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Overcooked

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Overcooked review
Matt Porter

Review

Recipe for success

Recipe for success


The frantic cooking game is an always fun, often brilliant genre which seems to be underused. Combine this genre with some local multiplayer, couch co-op action, and you have got a recipe for success. Overcooked is from Ghost Town Games and indie label Team17, and is a fun little cooking game when played on your own, but with friends it turns into a whole different beast.

Which is fitting, because the Beast has risen and put the entire Onion Kingdom in danger. He requires feeding, and although chefs are on hand to try and battle him, they are not up to the task. The Onion King sends you back in time to learn the ropes, and you will travel through the 90s and 2000s, picking up new recipes and skills before finally facing off against the spaghetti and meatball overlord of darkness. While this is a ridiculous premise, itís a fitting one for a game which is as wacky as it is charming.

At face value, it may look like an ordinary cooking game. You control characters from a top down perspective, moving them around the kitchen to perform various tasks. You pick up your ingredients, you prepare them, you cook them, and you deliver them. The faster you deliver the food, the higher tip you get. If your order times out, you will lose money. The more orders you complete within the time limit, the higher star rating you will get, and you will unlock new levels and progress through the timeline a little bit. So far, so vanilla. But it doesnít take long for the game to go places you wouldnít normally expect, which really spices things up.

Spicing things up


An early example of crazy level design is the pirate ship. Cooking on a moving sea vessel must be hard enough as it is, but when the cooking surfaces arenít exactly tied down properly, it just gets silly. One moment your chopping board might be right next to the ingredients and the cooking pot, the next it might have slipped down starboard so you will have to run all the way around to get at them. Things get even crazier from there, rats will start stealing your food while you are preparing it, you will be cooking on slippery ice, or on the precipice of scorching lava, in total darkness, or even in space.

Some of these levels are a lot of fun, as you have to figure out the puzzle of the environment as well as making sure you complete orders on time. Others arenít so great, and while the slightly loose controls can make for hilarity in enclosed levels, when you are having to avoid falling into icy water or hot lava it can become incredibly frustrating. If you have got a full plate of food and fall to your demise, not only are you knocked out of the game for five seconds, whatever you had is lost to the abyss as well. Other levels have moving parts which you canít access at certain points, and watching a burning frying pan float off out of reach while youíre stuck doing nothing isnít enjoyable. Thankfully, these levels are few and far between.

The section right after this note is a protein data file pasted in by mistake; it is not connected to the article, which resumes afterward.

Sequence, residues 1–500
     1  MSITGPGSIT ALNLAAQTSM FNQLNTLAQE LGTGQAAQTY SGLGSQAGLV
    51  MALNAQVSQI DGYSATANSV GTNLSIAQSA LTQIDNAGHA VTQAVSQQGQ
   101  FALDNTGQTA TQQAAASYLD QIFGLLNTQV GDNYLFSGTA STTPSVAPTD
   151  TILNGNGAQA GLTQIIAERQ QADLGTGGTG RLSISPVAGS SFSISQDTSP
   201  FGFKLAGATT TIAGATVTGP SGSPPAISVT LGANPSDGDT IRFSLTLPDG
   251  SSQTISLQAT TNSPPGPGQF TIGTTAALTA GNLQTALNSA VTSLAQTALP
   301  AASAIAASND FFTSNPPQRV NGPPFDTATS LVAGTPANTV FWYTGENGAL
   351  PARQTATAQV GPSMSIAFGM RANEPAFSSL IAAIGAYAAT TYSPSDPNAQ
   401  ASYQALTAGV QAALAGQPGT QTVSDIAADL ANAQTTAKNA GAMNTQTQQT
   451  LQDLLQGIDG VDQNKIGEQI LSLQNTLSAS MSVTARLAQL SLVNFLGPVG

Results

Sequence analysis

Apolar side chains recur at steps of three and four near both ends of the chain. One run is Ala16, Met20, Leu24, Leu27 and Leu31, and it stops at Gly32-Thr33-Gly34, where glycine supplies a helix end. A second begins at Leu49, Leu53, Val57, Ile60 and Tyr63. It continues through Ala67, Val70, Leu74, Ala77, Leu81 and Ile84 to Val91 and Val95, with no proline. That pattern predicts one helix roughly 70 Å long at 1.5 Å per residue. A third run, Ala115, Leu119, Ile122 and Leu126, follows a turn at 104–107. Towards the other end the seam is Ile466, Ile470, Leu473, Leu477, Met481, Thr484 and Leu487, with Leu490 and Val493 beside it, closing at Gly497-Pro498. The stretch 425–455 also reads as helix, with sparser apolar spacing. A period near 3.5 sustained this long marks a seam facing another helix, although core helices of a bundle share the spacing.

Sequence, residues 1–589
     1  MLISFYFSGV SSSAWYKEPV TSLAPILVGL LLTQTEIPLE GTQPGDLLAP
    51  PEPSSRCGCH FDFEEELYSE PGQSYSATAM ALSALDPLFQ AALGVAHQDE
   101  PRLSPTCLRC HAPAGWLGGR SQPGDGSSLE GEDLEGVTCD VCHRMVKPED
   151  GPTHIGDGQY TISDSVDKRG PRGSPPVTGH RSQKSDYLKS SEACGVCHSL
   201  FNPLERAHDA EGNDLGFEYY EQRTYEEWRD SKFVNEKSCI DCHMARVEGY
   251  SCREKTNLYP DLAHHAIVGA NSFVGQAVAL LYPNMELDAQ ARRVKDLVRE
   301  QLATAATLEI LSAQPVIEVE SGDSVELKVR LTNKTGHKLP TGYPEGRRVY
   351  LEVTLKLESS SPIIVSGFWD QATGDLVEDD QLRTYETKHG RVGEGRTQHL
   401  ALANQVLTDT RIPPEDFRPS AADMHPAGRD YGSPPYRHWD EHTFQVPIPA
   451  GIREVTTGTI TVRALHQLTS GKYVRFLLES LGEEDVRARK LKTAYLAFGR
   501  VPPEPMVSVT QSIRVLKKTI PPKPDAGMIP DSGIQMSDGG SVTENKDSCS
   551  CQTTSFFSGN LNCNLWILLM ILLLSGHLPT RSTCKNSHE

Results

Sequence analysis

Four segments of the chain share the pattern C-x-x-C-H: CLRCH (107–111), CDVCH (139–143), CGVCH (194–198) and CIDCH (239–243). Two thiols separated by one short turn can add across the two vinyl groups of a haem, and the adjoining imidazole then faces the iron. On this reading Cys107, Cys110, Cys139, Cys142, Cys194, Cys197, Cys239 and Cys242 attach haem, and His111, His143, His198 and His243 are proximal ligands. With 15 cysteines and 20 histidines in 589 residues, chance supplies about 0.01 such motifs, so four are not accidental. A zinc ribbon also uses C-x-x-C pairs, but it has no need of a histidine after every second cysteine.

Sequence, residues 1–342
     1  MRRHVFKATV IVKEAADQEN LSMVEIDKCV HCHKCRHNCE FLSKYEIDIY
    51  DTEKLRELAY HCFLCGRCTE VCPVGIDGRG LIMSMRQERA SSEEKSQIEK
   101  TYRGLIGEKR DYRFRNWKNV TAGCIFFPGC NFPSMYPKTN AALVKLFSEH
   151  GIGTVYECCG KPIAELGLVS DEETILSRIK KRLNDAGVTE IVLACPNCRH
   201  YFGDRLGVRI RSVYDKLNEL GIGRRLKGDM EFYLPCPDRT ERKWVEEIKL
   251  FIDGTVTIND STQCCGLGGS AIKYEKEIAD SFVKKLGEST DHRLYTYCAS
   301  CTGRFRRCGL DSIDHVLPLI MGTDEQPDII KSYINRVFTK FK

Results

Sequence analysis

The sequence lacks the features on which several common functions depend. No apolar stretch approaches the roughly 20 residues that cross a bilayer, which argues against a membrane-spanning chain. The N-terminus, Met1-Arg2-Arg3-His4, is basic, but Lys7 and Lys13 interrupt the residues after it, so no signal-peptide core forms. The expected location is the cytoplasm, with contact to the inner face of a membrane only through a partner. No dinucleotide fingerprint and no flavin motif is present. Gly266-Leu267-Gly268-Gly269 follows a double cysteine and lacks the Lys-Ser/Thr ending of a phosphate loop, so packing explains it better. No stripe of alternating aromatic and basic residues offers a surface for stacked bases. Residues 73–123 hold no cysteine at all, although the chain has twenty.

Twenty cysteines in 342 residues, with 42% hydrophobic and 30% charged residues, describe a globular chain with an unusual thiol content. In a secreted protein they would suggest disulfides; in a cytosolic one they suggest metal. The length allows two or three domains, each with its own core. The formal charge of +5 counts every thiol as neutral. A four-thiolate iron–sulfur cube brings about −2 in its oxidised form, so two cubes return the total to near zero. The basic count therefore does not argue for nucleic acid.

There are always at least two chefs on screen, even if you are playing on your own. Hitting a button will swap between them, and in this way you are able to get things done quicker. You might want to leave one chef chopping while the other gathers the rest of the ingredients. You might even want to have them both chopping the same thing at the same time to get it done faster. Often, levels will be split in two, and the chefs will have to pass food across the counters, or even along conveyer belts, so swapping becomes even more important.

Too Many Cooks


But it is in the local multiplayer where Overcooked really shines. Here, up to four players can work co-operatively, and chaos is never far around the corner. Itís very much a case of too many cooks spoil the pizza, especially on the tighter levels where there are only a few ways you can run. Pressing a button will give your chef a little boost of speed, but that will also knock your friends out of the way if you run into them. The room will be a cacophony of noise as you each shout instructions to each other that no one actually listens to, but you will have a great time regardless.

Multiplayer is definitely the way to play, and with a friend or two you will be blasting through levels in no time. However, Overcooked does require you earn a certain number of stars before progressing to the next level, and as the game goes on this becomes less and less forgiving. To reach the later levels you will have to get three stars on a high percentage of the existing stages, which will often mean going back and trying them again. This is frustrating when you want to see what the game is going to throw at you next, but you have to go and revisit and older level. Finishing the entire game will take around 6-8 hours, depending on how successful you are, meaning the game definitely never outstays its welcome.

Get your friends together


Overcooked is a real treat of a game, which also lends itself to extra DLC further down the line, as there are plenty of unexplored environments and recipes to master. Itís incredibly simple to learn, as there are only two or three buttons you need to press, but itís going to take a lot of coordination to make it to the end. If you have got a few friends and a weekend to kill, Overcooked is one of the best experiences you will have this year.

8.5

fun score

Pros

Simple, yet fiendish gameplay. Cooperative play is a joy. Completing a level grants a great feeling of satisfaction.

Cons

A handful of frustrating levels, strict requirements for progression.

 
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